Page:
We sometimes take for granted the hard work and maintenance required to keep storm water moving in order to prevent flooding at our homes and businesses.  History has proven that without efficient systems in place, millions of dollars of damage can occur if the storm water is not effectively transported from impervious surfaces to lakes, rivers, ponds, and/or oceans.

For storm water professionals, the task of inspecting miles of storm water pipelines and associated infrastructure can be very difficult.

Aging systems, frequently built without today’s engineering and construction controls, quite often create problems due to blockages, improper drainage, material deterioration, etc.

Construction materials used were not always the best choice for the environment they were placed in. An example is corrugated metal pipe (CMP) used in a saltwater environment.  Corrosive soil, the use of dissimilar metals creating galvanic currents, and other environmental factors all lead to deterioration.  Additionally, defective manufacturing materials and methods, improper construction techniques, and construction damage can contribute to problems that may arise in storm water systems.  Both corrosion and abrasion of materials transported through the pipes are leading causes of deterioration.

Consequently, thousands of gallons of water are lost in systems each day. Infiltration of groundwater through deteriorating joints and openings in pipes accelerate aging and allow backfill material into the openings.  Infiltration also allows unwanted chemical pollutants that are picked up by the groundwater to enter the storm water system, while also being transported to lakes and streams.

The condition of storm water pipes are commonly assessed using closed circuit television inspections (CCTV). This method can be problematic when the pipeline is partially or fully submerged.  Quite often, storm water professionals resort to de-watering of the pipe in order to perform a dry inspection.  Sometimes these attempts at de-watering are futile due to high volume ground water infiltration into the pipe.

The utilization of Remotely Operated Vehicles (ROV) for underwater inspection services is an essential and cost effective solution.  Using an ROV allows the inspection to be done either partially or fully submerged, avoiding inefficient dewatering.

For dry or semi-dry pipes, Glenn Underwater Services, Inc. (GUS) uses “crawlers” (highly agile vehicles with wheels for mobility to navigate through pipes and other confined areas), to inspect any pipe from as small as 4 inches to 10 feet in diameter.

Many companies have CCTV equipped crawlers, but GUS utilizes theirs unique to any other, having it “swim” through the water while using three-dimensional navigation for underwater inspections.  Another important quality is its extra long, 3000-foot tether that makes extensive pipeline penetrations possible.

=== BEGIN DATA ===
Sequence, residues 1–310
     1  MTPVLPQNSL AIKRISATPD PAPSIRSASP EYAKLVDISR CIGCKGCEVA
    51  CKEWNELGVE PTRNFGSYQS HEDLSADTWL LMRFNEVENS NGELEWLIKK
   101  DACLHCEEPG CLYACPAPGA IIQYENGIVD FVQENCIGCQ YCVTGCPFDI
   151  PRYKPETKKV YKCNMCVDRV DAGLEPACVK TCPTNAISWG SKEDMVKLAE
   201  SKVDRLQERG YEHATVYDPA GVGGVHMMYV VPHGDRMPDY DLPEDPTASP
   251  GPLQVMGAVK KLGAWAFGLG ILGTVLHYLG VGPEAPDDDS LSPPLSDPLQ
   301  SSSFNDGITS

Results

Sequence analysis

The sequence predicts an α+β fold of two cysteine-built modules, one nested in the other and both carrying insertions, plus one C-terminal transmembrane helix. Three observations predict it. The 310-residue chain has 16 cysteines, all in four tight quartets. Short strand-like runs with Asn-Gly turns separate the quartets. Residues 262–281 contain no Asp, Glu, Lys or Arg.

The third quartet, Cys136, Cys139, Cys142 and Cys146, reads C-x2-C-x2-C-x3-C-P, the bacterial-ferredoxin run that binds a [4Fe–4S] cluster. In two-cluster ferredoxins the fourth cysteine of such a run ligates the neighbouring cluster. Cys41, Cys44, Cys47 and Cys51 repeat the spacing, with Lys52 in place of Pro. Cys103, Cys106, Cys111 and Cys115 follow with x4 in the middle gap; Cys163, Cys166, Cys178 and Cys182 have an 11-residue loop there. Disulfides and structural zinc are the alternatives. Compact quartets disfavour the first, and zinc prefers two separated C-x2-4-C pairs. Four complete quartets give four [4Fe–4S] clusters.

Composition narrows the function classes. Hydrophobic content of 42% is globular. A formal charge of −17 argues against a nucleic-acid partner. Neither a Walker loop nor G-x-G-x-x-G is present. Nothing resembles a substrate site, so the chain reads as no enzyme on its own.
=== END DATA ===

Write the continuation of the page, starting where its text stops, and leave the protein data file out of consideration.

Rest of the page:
The robotic vehicles can carry an array of inspection equipment. This includes: laser measuring devices, ultrasonic thickness gauges, and high definition video systems.

One of the most useful tools carried by ROV’s piloted by GUS is the multi–beam sonar.  This sophisticated tool produces a detailed rendering of the conditions found inside of the pipe.  Every joint, spall, debris, and/or other anomalies are vividly depicted by the sonar as the ROV is flown through the pipe.   Using this video can be vital to finding any defects in poor water clarity.

All of GUS’ robotic inspection equipment is compact, readily available, and easy to transport to remote locations.  GUS’ Robotics division is made up of dedicated ROV pilots, sonar techs, and support crews.   They also employ a full time confined space entry team for projects where the ROV or crawlers need to be launched in a space where access is difficult.

Inspection objectives vary with each client, while typically including:

  1. Location and assessment of changes to previously identified defects
  2. Mapping and identification of existing structures
  3. Discovery of unknown branches in pipelines
  4. Identification of new defects and anomalies such as:
    • Debris
    • Breaks and separations in joints
    • Spalls and scouring in concrete pipes
    • Holes and corrosion in metal pipes
    • Groundwater intrusion into the pipes
  5. Establishment of a baseline for future inspections
  6. Location of debris and occluded areas.

To the client, the inspection is only as good as the data acquired.  GUS utilizes a state of the art computerized Data Archiving and Collection System known as DACS.  DACS produces a ready to use digital inspection report complete with detailed photos, video footage, sonar images, and viewing software; all of which are available on a flash drive.

For more information on robotic inspections of submerged storm water systems and Glenn Underwater Services, Inc., please visit our website at: www.glenndiving.com.